“You don’t ever have to create any code with this,” the CEO said. “You can install plug-ins that bring in MRI images or synchronize treatment parameters, all in a secure fashion.”
The platform is also proving useful as a collaboration hub. Coalytics is currently hosting a study that involves four clinics in New York and Connecticut, including dozens of researchers and 200+ patients.
“We provide the infrastructure to have all this data seamlessly aggregated,” Lonardo noted. “Participants can have this purely collaborative operational element, and regardless of what IOS or android devices they’re running or where they are geographically, they can collaborate in our cloud environment.”
The Coalytics teams isn’t done adding functionality. By the time the mobile app drops this fall, in addition to the Beta version’s paperwork-reducing, compliance-improving protocols, Coalytics will be able to integrate data from medical devices, including images; record data from game-like cognitive tests used heavily in neurology and psychology; and perform a host of data-mining functions, putting a universe of medical knowledge at users’ fingertips.
The company is conducting test studies with Stony Brook Medicine’s Department of Plastic Surgery and groups at Columbia, Harvard, Yale and New York universities. It has bootstrapped its way so far – Lonardo estimated the partners have invested about $15,000 to this point – but principals pitched the Long Island Angel Network’s screening committee in June and will ultimately seek $400,000 in venture capital.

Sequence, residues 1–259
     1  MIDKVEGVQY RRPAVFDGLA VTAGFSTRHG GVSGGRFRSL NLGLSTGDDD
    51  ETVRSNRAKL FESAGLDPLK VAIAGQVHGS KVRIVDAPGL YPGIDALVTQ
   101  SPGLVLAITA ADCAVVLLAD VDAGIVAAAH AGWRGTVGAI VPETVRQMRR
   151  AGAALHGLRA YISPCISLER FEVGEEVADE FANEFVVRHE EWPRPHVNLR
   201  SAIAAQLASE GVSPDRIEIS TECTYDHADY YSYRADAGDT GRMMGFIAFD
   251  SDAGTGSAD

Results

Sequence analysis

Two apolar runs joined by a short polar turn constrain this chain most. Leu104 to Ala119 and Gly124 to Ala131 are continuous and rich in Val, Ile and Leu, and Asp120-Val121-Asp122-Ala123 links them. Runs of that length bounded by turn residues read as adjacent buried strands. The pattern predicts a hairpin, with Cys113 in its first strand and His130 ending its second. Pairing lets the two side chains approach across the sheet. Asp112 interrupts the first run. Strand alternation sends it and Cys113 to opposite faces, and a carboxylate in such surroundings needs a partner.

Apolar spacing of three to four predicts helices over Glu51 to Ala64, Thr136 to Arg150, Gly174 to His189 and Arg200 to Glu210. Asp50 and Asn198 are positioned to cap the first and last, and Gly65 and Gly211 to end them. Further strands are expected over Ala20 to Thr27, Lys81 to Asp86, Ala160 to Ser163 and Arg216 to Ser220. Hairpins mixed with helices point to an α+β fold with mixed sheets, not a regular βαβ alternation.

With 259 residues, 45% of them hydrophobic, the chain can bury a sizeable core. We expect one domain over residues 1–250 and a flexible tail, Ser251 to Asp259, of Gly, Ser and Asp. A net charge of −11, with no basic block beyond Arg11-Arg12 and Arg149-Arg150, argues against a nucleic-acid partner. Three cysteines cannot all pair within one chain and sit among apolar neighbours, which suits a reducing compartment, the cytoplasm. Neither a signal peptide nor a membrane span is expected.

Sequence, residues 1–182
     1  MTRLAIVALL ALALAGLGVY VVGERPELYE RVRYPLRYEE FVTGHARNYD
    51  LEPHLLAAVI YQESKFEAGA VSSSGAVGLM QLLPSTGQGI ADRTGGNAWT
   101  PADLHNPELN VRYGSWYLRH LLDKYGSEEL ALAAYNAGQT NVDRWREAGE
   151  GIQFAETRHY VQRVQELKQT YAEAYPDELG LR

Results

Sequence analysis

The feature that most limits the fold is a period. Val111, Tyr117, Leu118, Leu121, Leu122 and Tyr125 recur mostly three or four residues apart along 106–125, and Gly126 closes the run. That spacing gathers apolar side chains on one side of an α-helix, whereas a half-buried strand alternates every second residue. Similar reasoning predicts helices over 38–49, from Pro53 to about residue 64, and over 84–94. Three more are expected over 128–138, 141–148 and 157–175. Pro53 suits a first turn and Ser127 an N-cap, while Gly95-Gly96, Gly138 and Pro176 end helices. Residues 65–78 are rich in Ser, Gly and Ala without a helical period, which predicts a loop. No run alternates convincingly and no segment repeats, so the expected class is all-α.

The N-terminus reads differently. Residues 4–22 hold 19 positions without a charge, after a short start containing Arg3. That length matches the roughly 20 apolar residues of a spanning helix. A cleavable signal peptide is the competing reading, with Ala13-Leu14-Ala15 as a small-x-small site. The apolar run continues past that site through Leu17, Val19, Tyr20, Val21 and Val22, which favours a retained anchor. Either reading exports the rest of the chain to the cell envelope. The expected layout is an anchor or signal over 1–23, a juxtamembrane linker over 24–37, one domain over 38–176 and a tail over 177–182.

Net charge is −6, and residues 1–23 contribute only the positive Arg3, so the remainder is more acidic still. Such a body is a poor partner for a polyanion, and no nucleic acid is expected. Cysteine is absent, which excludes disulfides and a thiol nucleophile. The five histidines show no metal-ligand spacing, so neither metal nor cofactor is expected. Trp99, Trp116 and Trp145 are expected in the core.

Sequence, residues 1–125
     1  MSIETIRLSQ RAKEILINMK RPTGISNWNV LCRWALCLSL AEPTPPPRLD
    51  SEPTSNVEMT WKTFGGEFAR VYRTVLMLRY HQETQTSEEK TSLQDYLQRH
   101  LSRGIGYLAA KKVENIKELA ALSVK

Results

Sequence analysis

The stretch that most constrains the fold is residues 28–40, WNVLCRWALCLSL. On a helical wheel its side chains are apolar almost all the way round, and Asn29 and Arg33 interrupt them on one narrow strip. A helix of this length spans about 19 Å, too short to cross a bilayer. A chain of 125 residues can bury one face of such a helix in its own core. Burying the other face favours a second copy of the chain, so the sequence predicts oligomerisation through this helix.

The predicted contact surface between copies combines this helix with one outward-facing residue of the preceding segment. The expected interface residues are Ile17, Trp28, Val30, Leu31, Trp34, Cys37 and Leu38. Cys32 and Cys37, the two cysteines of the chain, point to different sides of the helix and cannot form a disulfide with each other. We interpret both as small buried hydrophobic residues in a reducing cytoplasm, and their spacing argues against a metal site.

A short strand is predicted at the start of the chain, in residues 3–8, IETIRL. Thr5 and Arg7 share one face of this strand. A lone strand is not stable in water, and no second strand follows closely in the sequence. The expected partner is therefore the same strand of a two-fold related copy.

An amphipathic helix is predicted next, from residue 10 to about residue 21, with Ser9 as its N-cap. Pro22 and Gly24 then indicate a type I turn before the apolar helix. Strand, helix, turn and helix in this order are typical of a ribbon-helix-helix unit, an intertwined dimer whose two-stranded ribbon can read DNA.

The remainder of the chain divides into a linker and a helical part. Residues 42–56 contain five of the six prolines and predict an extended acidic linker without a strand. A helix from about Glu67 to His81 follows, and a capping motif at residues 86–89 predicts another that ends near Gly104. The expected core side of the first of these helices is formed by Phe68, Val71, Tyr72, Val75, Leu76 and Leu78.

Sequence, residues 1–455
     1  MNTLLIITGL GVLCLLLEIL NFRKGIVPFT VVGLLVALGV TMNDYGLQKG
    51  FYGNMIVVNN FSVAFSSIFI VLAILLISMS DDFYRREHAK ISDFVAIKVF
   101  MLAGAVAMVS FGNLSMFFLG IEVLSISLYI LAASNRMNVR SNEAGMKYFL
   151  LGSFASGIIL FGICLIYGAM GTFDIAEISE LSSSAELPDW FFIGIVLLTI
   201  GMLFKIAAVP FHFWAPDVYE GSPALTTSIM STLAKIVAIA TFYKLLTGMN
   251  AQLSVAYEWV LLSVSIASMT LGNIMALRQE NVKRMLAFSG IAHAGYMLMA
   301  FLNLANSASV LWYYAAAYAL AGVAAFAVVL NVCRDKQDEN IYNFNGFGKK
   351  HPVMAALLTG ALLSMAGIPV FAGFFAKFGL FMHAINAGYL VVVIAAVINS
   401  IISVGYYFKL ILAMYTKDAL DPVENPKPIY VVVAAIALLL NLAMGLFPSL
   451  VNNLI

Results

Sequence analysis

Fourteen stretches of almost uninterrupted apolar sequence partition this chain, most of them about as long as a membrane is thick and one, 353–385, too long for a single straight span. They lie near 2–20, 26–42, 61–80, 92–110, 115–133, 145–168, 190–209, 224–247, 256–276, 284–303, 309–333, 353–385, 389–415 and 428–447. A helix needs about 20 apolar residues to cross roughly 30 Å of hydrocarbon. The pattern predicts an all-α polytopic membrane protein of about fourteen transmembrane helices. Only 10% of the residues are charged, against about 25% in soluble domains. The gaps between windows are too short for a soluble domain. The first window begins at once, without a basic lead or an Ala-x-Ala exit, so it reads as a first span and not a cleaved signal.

Coalytics will monetize by charging for its forthcoming mobile app and eventually requiring subscriptions. But for now, the team is focusing on perfecting its platform.
“We’re extracting the expense of HIPAA compliance,” Lonardo said. “We’re removing a lot of huge expenses and time-consumers for providers. Ultimately, we want to be the one-stop shop for research, collaboration and clinical data collection.”
What’s It? Cloud-based platform for health-care providers offering electronic record-keeping, streamlined workflow and collaborative opportunities
Brought To You By: Co-founders Chris Lonardo, Mitchell Fourman, Jean Ee Tang and Ish Bhalla – basically a hedge fund guy and three scientists
All In: $15,000, self-funded so far, with the money used for software development and to present data at a medical conference
Status: Beta version for web-based applications now live; mobile app coming soon